On 12 May 2021, the Prime Minister announced in a House of Commons statement that there is to be an inquiry relating to the Coronavirus Pandemic - Hansard 12 May 2021.
After referring to the tragic loss of life due to coronavrius (including over 127,000 deaths in the UK), the PM said - "... , the state has an obligation to examine its actions as rigorously and as candidly as possible and to learn every lesson for the future, which is why I have always said that, when the time is right, there should be a full and independent inquiry. I can confirm today that the Government will establish an independent public inquiry on a statutory basis, with full powers under the Inquiries Act 2005, including the ability to compel the production of all relevant materials and take oral evidence in public under oath."
In response to
Sir Keir Starmer (Leader of the Opposition), the PM confirmed that the inquiry would be set up this year and would be ready to commence hearing evidence in the Spring of 2022.
Detailed arrangements yet to be made:
Mr Johnson also stated that the devolved Administrations would be consulted before finalising the scope and detailed arrangements, so that the inquiry is able to consider all key aspects of the UK response. (Here it is worth noting that the UK has handled the pandemic with distinct responses in each of the four nations of the UK).
The detailed arrangements will include the crucial terms of reference (TOR) and the individual who will chair the inquiry.
The Chair will almost certainly be a judge, whether active or retired, though the Chair does not legally-speaking have to be a judge.
Sir Keir Starmer asked that families, frontline NHS staff be consulted about the terms of reference and also that Parliament itself have a say before the TOR are finalised. There seems to be no good reason why such consultations cannot take place in the immediate future.
Unsurprisingly, there is already concern about delay in getting the inquiry underway - The Guardian 12 May 2021
The PM said that the government was fully committed to learning lessons at every stage of the crisis. He said - "We have already subjected our response to independent scrutiny, including 17 reports by the independent National Audit Office and 50 parliamentary inquiries, and we will continue to do so - we will continue to learn lessons, as we have done throughout the pandemic."
Purposes of an inquiry:
According to a 2014 report by the Select Committee on the Inquiries Act 2005, inquiries have the following purposes:
A key purpose of this inquiry ought to be to consider the government's preparedness for a pandemic and to examine decision-making processes and the actual decisions made as the pandemic developed. This goes to the heart of learning lessons and making recommendations for the management of any future pandemic.
The Inquiry should also consider future preparedness including on-going research into potential threats from disease and the preparation of suitable vaccines as well as ensuring that vaccines can be produced and distributed in a timely manner.
If the inquiry actually starts hearing evidence in the spring of 2022 then the question arises as to the timescale for the publication of a report or, perhaps, reports.
It may be that the inquiry will choose to focus on particular aspects which have attracted greater public attention (e.g. personal protective equipment, care homes, testing and tracing, education of children, travel restrictions, the operation during the pandemic of courts and tribunals etc). If that appoach is adopted then there is a possibility that the inquiry will issue a number or reports and may enable key lessons to be identified earlier than would be the case if the inquiry eventually published a single report.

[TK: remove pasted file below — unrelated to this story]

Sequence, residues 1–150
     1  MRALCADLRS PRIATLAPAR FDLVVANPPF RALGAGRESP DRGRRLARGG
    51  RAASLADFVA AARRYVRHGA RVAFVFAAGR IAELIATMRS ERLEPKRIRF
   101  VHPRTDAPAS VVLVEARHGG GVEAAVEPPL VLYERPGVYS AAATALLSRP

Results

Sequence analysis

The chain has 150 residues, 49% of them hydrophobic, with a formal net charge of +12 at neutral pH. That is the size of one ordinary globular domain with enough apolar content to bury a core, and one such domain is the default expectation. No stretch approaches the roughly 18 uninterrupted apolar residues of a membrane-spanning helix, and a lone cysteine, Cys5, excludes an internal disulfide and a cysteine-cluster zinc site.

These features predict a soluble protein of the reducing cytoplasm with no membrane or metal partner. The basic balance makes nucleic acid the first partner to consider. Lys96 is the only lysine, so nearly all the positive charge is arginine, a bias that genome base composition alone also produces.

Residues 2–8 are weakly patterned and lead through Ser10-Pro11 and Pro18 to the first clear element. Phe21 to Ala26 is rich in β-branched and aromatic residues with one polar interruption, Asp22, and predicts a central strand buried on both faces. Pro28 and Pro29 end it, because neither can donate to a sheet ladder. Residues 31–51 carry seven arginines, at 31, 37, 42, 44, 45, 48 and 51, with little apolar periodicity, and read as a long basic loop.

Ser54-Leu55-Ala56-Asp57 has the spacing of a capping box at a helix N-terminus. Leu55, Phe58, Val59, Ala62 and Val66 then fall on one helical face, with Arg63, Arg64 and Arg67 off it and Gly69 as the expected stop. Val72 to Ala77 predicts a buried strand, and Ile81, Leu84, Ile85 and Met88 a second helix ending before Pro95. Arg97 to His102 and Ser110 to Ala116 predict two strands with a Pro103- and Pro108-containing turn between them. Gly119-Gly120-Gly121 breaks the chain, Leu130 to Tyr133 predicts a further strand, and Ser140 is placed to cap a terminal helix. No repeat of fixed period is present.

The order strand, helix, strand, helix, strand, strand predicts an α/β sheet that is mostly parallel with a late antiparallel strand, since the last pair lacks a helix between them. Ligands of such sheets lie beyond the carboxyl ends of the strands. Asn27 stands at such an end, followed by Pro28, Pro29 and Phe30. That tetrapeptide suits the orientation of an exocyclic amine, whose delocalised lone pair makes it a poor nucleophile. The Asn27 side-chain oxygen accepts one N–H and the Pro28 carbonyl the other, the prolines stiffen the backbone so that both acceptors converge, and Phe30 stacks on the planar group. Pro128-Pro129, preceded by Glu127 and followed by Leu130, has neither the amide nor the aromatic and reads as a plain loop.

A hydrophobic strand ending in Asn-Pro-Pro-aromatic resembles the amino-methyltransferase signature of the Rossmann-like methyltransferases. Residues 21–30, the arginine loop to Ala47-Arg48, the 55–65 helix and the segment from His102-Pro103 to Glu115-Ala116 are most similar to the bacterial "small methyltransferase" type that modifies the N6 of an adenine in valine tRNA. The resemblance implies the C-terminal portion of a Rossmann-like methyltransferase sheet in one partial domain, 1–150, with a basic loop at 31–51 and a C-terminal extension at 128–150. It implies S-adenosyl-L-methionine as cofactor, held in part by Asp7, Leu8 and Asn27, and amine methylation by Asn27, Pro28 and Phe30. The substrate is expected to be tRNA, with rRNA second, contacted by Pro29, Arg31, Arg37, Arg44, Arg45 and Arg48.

Even a brief attempt to list areas for the inquiry to examine shows that, on any view, this is going to be a lengthy and difficult process if it is to be in any way a comprehensive examination.
At best, inquiries are slow-moving affairs. A report by the Institute of Government published in December 2017 noted that. since 1990, they have taken an average of two-and-a-half years to report and nine have taken five years or more to produce their final reports. The Grenfell Fire Inquiry is still continuing having been set up in 2017.
Inquiries are also very expensive. The Grenfell Inquiry costs amounted to £117m for the period 1 August 2017 to 31 March 2021.
The Grenfell Inquiry also reported in 2019 that it had received and reviewed more than 500,000 documents. Given the scale of public body involvement in the coronavirus pandemic the volume of documentation is likely to be even greater.
Given the likely timescale, it is unlikely that the inquiry will have completed its work before the next general election which is currently scheduled for 2024 - The Guardian 12 May - PM's Covid inquiry delay shows No 10 already eyeing next general election
Law and Lawyers - Coronavirus Log
National Audit Office 19 May - Initial learning from the government's response to the COVID-19 pandemic
The Guardian 14 May - Don't wait for government - UK scientists should conduct a Covid inquiry now
The Telegraph 14 May - We really need an inquiry into how Sage forced Britain into lockdown
The Guardian 13 May - UK Covid inquiry: the key areas likely to be scrutinised
The Guardian 12 May - PM's Covid inquiry delay shows No 10 already eyeing next general election
BBC News 12 May - Covid jabs offer to 38 and 39 year olds in England
BBC News 12 May - Lessons to be learned from spring 2022 public inquiry - PMThe Guardian 12 May - Inquiry into Covid response will start in spring 2022
BBC News - 12 May - Public inquiry confirmed, and vaccines for 38 and 39 year olds in England
Institute for Government 25 March 2013 - Are public inquiries worth the time, money and resources?